FOR millions of Christians around the world, a month-long season of prayer culminates this weekend with the feast day of St Francis of Assisi.
The idea of celebrating September 1 as a day of prayer for creation began in 1989 at the wish of the Ecumenical Patriarch Dimitrios, a leading figure in the Eastern Orthodox church whose successor Bartholomew I is also seen as something of a “green” source of spiritual inspiration.
In 2013 Pope Francis – formerly Jorge Mario Bergoglio – chose his papal name in honour of St Francis, reflecting both men’s concern for the world’s poor, as well as the future of the planet.
The Pope subsequently urged the world’s 1.2 billion Catholics and all people of good will to take urgent action against the injustice of climate change and the ecological crisis, to protect the poor and future generations.
The Season of Creation has become an annual celebration uniting Christians in prayer and action for the protection of the earth, with many viewing this year’s event as being of particular significance in light of the coronavirus pandemic and global climate concerns.
In July a cross-section of faith leaders urged the UK government to develop a new shared vision for the future ahead of the UN climate change conference in Glasgow next year, when the UK has the COP26 presidency.
The faith leaders spoke of the need to “restore balance in the very systems of life, affirming the need for equality, justice and sustainability” in the sharing of the earth’s resources.
They pointed out how, amid the fear and the grief for loved ones lost, many had found consolation in the dramatic reduction of pollution and the restoration of nature.
“Renewed delight in and contact with the natural world has the capacity to reduce our mental stress and nourish us spiritually,” they wrote. “We have rediscovered our sense of how interconnected the world is. The very health and future of humanity depends on our ability to act together not only with respect to pandemics but also in protecting our global ecosystem.”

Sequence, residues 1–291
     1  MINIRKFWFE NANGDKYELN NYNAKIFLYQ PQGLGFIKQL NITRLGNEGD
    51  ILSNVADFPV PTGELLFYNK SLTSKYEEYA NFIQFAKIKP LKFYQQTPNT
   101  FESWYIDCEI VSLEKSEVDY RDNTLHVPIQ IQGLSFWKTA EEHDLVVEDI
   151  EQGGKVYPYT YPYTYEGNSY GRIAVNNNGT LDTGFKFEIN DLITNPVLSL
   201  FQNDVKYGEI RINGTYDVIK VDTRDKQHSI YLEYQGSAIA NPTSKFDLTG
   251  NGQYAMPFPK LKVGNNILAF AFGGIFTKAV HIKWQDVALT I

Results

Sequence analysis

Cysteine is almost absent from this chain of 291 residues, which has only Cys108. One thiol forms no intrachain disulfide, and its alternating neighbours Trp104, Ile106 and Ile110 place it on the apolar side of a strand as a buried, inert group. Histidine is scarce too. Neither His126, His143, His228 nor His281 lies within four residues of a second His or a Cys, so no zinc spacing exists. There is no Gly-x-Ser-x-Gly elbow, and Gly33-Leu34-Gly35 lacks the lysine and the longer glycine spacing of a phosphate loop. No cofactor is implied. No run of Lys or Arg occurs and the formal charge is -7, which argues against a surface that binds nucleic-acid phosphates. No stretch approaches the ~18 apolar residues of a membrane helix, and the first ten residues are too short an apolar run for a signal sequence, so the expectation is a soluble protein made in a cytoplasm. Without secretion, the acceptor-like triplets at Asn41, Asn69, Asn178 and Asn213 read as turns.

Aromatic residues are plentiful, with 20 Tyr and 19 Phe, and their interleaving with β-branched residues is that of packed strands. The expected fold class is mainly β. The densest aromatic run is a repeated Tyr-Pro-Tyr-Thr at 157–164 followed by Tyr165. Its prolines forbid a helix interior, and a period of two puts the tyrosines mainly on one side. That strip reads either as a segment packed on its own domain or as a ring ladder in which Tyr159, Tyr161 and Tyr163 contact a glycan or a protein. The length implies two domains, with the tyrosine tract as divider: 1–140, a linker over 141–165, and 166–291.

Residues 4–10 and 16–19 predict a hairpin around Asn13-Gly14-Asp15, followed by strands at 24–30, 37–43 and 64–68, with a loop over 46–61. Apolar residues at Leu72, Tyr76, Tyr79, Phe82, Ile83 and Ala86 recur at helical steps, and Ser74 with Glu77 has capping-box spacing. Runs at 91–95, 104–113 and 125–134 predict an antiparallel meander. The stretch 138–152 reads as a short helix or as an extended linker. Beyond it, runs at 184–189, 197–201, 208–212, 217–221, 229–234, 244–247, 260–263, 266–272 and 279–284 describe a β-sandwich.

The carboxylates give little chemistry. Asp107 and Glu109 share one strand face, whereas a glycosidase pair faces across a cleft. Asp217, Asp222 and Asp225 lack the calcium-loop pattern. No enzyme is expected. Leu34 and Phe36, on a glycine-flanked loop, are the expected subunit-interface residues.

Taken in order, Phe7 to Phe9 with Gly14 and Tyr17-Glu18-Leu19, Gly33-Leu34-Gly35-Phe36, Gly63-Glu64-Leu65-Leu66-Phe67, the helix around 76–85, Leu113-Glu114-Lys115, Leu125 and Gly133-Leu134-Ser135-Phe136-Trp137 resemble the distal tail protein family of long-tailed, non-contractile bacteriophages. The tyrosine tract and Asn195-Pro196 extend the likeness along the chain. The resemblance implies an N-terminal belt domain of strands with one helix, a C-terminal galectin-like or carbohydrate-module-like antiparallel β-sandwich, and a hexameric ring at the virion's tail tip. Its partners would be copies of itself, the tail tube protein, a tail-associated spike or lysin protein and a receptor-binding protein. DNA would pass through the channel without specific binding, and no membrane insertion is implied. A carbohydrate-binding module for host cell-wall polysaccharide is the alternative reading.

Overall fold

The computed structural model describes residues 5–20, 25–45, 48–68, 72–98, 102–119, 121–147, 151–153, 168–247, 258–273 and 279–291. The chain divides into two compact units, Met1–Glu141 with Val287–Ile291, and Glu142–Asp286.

On the plus side, less travel and consumption and more kindness and neighbourliness have helped us appreciate what society can really mean, they pointed out. But in times of crisis injustice becomes more obvious, and it is the poor and vulnerable who suffer most, as the Catholic Agency for Overseas Development stresses in its climate campaign.
“All this shows us how precarious our previous ‘business as usual’ was, socially, economically, ecologically and spiritually,” the faith leaders wrote.
“Our faiths teach us that our planet, with its rich resources and inspiring diversity, is lent to us on trust only and we are accountable for how we treat it. We are urgently and inescapably responsible, not just before God but to our own children and the very future of humanity.”
The Season of Creation ends on October 4, the Feast of St Francis of Assisi, but the call to action looks beyond the annual event and focuses on protecting biodiversity, reducing the risk of catastrophic climate change and pushing sustainability to the forefront of government decision-making.
Pope Francis phrased it as the need to “listen to the cry of the Earth and the cry of the poor”, a message that resonates across the centuries from when Saint Francis chose to take the Gospel literally and lead a life of poverty in the name of the Lord.
“If God can work through me, he can work through anyone,” the saint said, yet on Sunday, almost 800 years after his death, his message about our intimate connection with God’s creation sounds more relevant and important than ever.